Anderson's family said in a statement Wednesday that they appreciate the support and kindness that friends and fans have shown throughout the Hall of Famer's career and retirement. No further details were released.
The 76-year-old Anderson was inducted into baseball's Hall of Fame in 2000, culminating a major league career that included one nondescript season as a player and an historic run as a manager.
He won 2,194 games as a manager, which was the third-highest total in major league history when he retired, trailing Connie Mack and John McGraw. He now stands sixth, also trailing Tony La Russa, Bobby Cox and Joe Torre. Anderson was the first manager to win World Series titles in both leagues and the only manager to lead two franchises in career wins.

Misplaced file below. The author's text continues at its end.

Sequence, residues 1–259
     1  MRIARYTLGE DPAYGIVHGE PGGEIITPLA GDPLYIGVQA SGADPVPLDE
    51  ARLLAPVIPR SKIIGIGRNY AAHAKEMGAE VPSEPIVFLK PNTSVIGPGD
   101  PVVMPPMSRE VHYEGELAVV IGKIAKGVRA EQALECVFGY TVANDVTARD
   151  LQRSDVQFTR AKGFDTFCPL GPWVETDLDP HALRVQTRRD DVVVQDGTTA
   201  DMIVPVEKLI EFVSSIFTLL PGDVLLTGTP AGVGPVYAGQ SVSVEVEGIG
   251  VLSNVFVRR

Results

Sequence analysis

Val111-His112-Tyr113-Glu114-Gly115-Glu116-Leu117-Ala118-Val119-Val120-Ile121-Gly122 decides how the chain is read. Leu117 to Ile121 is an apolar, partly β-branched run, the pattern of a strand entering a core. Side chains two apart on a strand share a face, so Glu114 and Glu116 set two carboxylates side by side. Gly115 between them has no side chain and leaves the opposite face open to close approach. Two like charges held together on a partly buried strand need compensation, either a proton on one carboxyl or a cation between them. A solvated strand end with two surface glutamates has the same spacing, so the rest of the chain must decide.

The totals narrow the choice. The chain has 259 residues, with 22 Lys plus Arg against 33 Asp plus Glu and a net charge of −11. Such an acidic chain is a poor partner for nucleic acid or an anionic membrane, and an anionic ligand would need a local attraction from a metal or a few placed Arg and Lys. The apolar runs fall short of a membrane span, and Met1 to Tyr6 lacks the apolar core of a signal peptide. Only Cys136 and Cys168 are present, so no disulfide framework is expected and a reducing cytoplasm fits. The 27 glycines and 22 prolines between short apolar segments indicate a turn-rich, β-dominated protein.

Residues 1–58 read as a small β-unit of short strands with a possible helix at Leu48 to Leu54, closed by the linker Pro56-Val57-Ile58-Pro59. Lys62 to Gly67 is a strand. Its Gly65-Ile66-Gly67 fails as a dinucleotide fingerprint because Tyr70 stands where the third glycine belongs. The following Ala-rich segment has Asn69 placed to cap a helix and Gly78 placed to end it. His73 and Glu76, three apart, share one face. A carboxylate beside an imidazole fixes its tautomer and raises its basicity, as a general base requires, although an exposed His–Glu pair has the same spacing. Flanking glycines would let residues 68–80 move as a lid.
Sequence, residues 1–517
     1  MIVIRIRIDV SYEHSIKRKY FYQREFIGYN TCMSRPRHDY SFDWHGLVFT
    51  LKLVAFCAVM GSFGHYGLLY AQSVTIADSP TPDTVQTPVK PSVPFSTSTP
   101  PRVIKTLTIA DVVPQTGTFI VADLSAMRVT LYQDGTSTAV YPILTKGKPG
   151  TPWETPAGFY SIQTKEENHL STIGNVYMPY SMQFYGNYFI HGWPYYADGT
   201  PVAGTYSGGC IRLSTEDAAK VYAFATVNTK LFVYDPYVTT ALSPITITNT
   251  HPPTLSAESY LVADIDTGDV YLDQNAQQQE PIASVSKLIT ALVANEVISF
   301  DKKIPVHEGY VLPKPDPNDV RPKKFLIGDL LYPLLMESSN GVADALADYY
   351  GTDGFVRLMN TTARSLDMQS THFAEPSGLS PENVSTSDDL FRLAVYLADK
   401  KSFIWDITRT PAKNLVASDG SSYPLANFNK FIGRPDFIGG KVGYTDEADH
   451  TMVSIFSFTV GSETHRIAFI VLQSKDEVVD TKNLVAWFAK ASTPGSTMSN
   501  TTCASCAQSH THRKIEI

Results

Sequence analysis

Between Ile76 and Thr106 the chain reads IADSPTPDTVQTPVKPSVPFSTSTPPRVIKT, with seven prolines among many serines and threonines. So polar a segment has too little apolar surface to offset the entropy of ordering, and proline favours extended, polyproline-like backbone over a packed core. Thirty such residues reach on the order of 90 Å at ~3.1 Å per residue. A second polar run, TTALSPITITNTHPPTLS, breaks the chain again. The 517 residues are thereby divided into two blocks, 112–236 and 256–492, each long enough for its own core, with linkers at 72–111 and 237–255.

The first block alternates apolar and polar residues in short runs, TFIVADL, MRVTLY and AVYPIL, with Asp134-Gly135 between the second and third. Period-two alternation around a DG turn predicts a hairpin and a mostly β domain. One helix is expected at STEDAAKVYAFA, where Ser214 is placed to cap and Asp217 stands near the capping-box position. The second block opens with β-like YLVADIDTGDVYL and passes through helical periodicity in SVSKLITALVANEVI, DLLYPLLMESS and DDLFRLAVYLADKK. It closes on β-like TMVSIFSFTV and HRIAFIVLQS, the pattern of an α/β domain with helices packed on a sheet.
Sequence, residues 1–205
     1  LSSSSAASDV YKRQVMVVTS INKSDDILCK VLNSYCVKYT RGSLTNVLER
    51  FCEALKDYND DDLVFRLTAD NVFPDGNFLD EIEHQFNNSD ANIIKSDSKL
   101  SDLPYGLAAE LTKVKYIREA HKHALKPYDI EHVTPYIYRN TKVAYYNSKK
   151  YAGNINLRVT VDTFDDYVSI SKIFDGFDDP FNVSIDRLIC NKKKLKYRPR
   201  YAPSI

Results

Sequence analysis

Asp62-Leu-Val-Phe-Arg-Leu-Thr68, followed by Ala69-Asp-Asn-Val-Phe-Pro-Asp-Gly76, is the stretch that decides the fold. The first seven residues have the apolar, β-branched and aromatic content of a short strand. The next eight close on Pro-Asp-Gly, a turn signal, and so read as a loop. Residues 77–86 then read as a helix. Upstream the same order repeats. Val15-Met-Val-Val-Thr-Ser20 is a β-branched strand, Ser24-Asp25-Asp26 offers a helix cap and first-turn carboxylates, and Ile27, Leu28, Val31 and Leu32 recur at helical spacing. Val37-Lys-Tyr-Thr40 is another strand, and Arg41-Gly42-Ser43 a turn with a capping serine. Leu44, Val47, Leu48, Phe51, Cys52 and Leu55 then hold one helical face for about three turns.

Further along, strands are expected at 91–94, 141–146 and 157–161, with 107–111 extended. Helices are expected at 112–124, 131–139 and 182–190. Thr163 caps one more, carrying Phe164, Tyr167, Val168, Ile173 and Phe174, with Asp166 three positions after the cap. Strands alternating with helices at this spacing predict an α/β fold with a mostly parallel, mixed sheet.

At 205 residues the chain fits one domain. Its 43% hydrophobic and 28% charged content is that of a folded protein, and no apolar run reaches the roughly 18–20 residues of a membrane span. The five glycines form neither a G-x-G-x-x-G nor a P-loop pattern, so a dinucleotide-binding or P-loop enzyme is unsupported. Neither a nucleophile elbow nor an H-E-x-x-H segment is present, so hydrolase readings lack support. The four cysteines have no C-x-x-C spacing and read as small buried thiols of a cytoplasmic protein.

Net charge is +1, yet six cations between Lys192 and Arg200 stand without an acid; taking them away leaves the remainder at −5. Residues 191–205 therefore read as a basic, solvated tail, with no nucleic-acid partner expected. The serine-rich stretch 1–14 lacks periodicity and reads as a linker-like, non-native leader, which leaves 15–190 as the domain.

He led Cincinnati's Big Red Machine to World Series wins in 1975-76. He won four National League pennants in Cincinnati from 1970-78, then was fired after consecutive second-place finishes.
Anderson went to the American League and won there, too, directing the Tigers to a World Series title in 1984 and a division title in 1987. He retired after the 1995 season and was added to the Hall of Fame by the Veterans Committee.
"We are very sad to hear the news of Sparky's failing health," Reds owner Bob Castellini said in a statement. "Every day here we are reminded of his contribution to the success of this proud franchise."
The Tigers said they would keep Anderson, his wife, Carol, and their family in their thoughts and prayers.
"Sparky led one of the most beloved teams in franchise history to the World Series title in 1984 and remains the winningest manager in franchise history," the organization said in a statement. "His contributions to the Detroit Tigers remain a significant part of the club's history."